Daisy (Saoirse Ronan) is sent from America to live with her cousins in England. Daisy is closed off and angry, but it is not long before she starts to relax in the presence of Edmond (George MacKay), Isaac (Tom Holland) and Piper (Harley Bird). No sooner does Daisy begin to warm to her family, when nuclear war strikes England and she finds herself fighting for survival, and love.
Saoirse Ronan has proven, many many times, that she is a fantastic actress, and she does it yet again in How I Live Now, based on the young adult novel of the same name by Meg Rosoff. Ronan shakes off a little of her ethereal reputation here, and goes for the role of angry teenager. Moods and emotions change rather too quickly for the good of the film, but Ronan weathers the changes and always makes Daisy feel real, even if the audience does not know very much about her. MacKay does well in his role, and his gaze on Ronan borders on electric. It is easy to see why the two are drawn to one another, and why they suddenly feel the need to take comfort in one another.
Tom Holland, fresh from the tearjerker The Impossible, and Harley Bird round out the family, and the interactions between these actors is as real as possible. They are allowed to run wild, as their mother is secluded in her office, trying to save the world, and the relationship between the kids feels authentic and warm. This is a critical part of the film; if this was not believable, then Daisy’s quest to get home would not work.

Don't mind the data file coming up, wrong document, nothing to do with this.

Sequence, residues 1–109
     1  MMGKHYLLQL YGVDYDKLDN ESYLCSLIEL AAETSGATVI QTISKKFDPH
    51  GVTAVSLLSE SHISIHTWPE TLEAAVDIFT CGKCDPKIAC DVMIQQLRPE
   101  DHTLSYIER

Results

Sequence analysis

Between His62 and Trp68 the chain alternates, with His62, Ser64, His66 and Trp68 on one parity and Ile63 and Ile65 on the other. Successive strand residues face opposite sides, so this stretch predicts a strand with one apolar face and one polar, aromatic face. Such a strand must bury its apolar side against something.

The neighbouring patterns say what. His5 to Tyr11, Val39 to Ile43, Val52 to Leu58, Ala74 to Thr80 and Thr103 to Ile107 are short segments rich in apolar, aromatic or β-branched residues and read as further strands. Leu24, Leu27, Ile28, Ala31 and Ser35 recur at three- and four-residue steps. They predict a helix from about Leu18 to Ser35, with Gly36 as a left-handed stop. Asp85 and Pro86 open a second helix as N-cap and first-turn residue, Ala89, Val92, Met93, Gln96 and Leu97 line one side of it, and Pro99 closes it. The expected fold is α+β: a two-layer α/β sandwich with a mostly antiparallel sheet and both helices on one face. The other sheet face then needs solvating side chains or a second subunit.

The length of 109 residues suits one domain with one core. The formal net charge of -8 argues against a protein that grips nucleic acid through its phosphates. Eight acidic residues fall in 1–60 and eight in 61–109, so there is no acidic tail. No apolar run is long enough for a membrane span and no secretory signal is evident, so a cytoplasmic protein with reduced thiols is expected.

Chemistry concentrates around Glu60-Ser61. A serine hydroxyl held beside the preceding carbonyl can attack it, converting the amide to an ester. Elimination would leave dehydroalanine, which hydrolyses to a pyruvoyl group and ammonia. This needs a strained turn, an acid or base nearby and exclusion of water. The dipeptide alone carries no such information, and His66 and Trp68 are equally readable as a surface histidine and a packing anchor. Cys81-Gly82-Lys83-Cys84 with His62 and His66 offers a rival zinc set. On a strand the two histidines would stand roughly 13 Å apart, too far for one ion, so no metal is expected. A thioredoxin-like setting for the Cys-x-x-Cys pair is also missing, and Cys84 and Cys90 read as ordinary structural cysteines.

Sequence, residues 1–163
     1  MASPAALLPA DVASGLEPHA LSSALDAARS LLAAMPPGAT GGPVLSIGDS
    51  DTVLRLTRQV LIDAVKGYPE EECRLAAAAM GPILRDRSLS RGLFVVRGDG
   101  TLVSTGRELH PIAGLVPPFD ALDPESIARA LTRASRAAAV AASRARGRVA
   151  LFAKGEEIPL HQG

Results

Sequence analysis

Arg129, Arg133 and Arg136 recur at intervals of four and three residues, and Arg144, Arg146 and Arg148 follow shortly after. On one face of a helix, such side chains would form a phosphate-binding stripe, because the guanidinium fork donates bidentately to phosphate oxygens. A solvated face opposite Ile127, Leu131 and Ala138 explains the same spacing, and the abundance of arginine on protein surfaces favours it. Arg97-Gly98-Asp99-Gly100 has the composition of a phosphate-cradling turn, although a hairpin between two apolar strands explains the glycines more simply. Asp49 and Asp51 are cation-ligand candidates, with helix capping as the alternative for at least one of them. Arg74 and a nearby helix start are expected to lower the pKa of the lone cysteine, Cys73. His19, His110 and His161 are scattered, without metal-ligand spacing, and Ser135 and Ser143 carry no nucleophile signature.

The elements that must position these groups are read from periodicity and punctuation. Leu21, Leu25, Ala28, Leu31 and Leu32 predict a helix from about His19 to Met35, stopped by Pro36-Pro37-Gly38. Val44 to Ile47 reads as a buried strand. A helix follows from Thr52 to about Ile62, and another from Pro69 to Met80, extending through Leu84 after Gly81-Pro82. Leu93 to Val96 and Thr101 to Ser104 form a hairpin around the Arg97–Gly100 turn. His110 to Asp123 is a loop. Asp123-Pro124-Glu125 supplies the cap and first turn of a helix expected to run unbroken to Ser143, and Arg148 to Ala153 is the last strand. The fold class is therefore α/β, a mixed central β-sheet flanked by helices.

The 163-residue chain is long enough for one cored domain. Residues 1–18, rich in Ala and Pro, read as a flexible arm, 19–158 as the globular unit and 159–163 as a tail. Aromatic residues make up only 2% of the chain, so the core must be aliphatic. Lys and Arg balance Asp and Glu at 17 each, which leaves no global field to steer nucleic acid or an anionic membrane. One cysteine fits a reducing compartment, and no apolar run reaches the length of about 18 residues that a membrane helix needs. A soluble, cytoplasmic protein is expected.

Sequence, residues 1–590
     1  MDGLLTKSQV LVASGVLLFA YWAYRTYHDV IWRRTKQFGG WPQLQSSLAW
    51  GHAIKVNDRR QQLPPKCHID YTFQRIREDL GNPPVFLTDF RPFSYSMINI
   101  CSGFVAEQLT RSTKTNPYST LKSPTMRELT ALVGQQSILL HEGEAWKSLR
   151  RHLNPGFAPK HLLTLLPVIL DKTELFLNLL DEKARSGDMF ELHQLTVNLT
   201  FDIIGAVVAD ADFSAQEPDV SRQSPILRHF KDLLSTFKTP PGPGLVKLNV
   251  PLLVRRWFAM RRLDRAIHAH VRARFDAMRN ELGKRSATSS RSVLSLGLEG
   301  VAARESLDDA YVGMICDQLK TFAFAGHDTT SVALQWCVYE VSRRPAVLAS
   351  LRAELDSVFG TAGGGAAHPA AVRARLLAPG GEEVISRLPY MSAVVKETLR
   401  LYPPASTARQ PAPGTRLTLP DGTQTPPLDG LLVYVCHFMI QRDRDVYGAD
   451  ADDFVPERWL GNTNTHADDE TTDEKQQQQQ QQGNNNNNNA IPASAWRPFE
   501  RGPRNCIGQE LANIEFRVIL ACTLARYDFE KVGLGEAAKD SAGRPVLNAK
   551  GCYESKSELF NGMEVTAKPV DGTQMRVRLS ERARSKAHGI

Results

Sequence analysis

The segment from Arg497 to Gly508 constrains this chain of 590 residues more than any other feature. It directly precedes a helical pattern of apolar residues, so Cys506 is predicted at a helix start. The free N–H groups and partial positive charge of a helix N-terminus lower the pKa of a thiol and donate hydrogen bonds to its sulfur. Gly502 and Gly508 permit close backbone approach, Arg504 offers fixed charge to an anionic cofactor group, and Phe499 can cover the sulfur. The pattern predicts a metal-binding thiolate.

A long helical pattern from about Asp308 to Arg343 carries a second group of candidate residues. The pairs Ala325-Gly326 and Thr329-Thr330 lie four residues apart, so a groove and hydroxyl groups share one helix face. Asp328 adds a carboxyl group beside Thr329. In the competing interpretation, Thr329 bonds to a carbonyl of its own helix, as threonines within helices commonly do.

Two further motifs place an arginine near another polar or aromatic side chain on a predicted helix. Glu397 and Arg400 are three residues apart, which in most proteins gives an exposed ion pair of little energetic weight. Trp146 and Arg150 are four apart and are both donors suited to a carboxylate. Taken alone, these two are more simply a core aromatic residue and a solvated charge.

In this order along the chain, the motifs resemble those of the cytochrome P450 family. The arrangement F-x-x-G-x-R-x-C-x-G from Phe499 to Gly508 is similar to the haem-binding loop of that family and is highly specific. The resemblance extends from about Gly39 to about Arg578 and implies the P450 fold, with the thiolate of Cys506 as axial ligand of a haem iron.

The story feels like so many apocalyptic movies we have seen before; the fight to survive and find a place where we belong. There are also touches of Never Let Me Go in there, as well as Now Is Good. For the most part though, this strange melting pot of references works; Ronan’s performance is as good as you hope it would be, and the decision to focus on this coming of age story and the quest to find love and a place to call home is an interesting twist on the apocalypse movie. We never learn just what is happening in the major cities, or who is to blame for the bombings across the world, and this, combined with Daisy’s seeming ability to focus and carry on, and the choice to focus on the more fortunate pair – rather than the boys who were presumably sent to war – makes the film relatable. That said, this omission of information also makes the film feel slightly thin, and even though Piper longs for her mother, she doesn’t seem too bothered about being in the wilderness with her cousin whom she hardly knows.
Kevin Macdonald has created some wonderful films through his career, including a documentary about Bob Marley and The Last King of Scotland, but How I Live Now feels like a change of pace for the director. This is an apocalypse movie that skims over the devastation and focuses on the microcosm of five kids. Perhaps Macdonald struggled with this new direction in his career; the movie feels real enough, but slightly superficial. I can’t argue with the choice to use an Amanda Palmer song – Do It With a Rockstar – in the opening credits though.
It would be easy for How I Live Now to turn into a film as vapid as Twilight but, even though the film feels thin, rushed and underdeveloped at times – although the ending is a little insipid and the mystery is sometimes a little too mysterious for the film’s good – the relationships between the kids are what saves it. Ronan shines as always, the cinematography is beautiful and it’s always good to hear an Amanda Palmer song when you least expect it.